11 September 2014: This blog is written by a member of The Syrian Civil Defence — a group of volunteer first responders saving lives in the most dangerous place on earth.

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My name is Adam II*. I am 21 years old and I am a team leader of a Civil Defense in Idlib, Syria. Before I started saving lives I studied topography at the University — that was another life.

In Civil Defense our goal is protect lives and people see us as the saviours of life. This is all what we work for.
Idlib is is a site for clashes between the FSA and the Syrian state army, which retaliates by bombarding civilians’ neighbourhoods. The destruction is enormous — 60% of infrastructure is destroyed. Shelling also brings the loss of many people’s lives, I have witnessed a massacre where 48 people were killed. it is indescribable — to see 48 people killed and many trapped under the rubble. I see many attacks every day.

In Civil Defense our goal is protect lives and people see us as the saviours of life. This is all what we work for. This what we do every day. When we wake we wake up the morning, we go and check on the places those were hit by the shelling, to rescue as many people as we can. I have to be the first on this as leader. When you go on a rescue mission you see lots of suffering, destruction, grief and panicked children. It is not easy to see all this, but when you save someone’s life you feel wonderful, so you do the best you can to find survivors. I also have to check on the team during and after each mission, to make sure they are safe and protect them from danger; we don’t want them to get hurt as they are the ones who help people. Finally, I secure food for the team.

Civil defence volunteers in Idleb have a great value in peoples’ hearts, and they respect us because of our humanitarian role, we are not fighting or hurting others. When you help people to retain their hope they will never forget what you’ve done for them. It’s easy to kill someone but the most wonderful thing is to rather save lives.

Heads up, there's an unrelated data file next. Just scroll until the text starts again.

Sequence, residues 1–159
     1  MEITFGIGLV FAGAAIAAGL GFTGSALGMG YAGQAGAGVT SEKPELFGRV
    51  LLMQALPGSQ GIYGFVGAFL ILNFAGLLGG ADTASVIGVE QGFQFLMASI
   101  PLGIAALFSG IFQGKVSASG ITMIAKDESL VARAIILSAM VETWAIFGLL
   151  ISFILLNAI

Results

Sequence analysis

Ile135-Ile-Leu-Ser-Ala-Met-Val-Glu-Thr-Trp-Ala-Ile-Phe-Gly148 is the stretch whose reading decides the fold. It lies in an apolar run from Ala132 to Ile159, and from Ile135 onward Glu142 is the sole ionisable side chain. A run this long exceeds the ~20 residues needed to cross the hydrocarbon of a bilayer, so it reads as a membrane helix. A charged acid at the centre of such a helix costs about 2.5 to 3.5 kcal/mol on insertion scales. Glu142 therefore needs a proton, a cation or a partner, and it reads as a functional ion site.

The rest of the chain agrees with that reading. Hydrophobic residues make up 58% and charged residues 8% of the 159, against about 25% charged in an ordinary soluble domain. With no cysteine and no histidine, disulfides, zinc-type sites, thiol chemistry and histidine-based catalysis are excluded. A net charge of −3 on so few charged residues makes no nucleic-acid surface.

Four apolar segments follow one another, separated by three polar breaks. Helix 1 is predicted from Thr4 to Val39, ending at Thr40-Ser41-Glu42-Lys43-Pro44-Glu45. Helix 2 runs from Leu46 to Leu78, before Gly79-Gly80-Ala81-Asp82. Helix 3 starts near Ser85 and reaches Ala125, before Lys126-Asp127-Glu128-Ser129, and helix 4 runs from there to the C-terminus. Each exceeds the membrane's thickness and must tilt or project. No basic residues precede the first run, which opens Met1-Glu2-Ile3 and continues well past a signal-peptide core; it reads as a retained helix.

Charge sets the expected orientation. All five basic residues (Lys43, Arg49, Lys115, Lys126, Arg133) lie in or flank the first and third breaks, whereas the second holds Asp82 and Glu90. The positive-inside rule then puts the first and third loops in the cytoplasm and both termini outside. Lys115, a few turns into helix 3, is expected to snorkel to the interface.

I have a seven year old sister. I worry for her every day. My little sister went to school one day to find out that one of her dear friends wasn’t there anymore. After every incident, she returns home wondering where her friends are, and what’s happening. Our children are experiencing loss of their classmates, at a very young age — living in such circumstances where the boom of explosions are heard continuously. There are children who woke up to find their parents dead, or to find themselves trapped under rubbles. Everything I thought about was playing football or games, children now are just thinking about is playing with weapons or acting as if they carry one. When children grow up in a war zone, war influences them.

I hope what we are doing becomes a message of peace to the entire world and hope that war in Syria ends as soon as possible.
I have this message I would like to tell the world. Syrian people are peaceful and we had no other choice than the war and now many civilians are dying in dreadful circumstances. People think we are extremists but we fight extremism, as we are aware of the bad influence it has on people. We are not bias and we cannot be, — we do our best to save all people we can regardless of their background, our mission is to save lives not to take it. I hope what we are doing becomes a message of peace to the entire world and hope that war in Syria ends as soon as possible. I’m saying this because we lived the war and we know how it changes people.

* Adam II is a pseudonym the writer requested to protect their identity.

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Comments

Roger M. Christian on Sept. 14, 2014, 2:04 a.m.

<p>My deepest respects to you, Sir.  I wish you all the more every happiness as well when you are free of danger.  But most off be safe. Roger M. Christian, Vietnam Veteran</p>

Roger M. Christian on Sept. 14, 2014, 2:04 a.m.

<p>My deepest respects to you, Sir.  I wish you all the more every happiness as well when you are free of danger.  But most off be safe. Roger M. Christian, Vietnam Veteran</p>

Spot on Feb. 21, 2015, 11:59 a.m.

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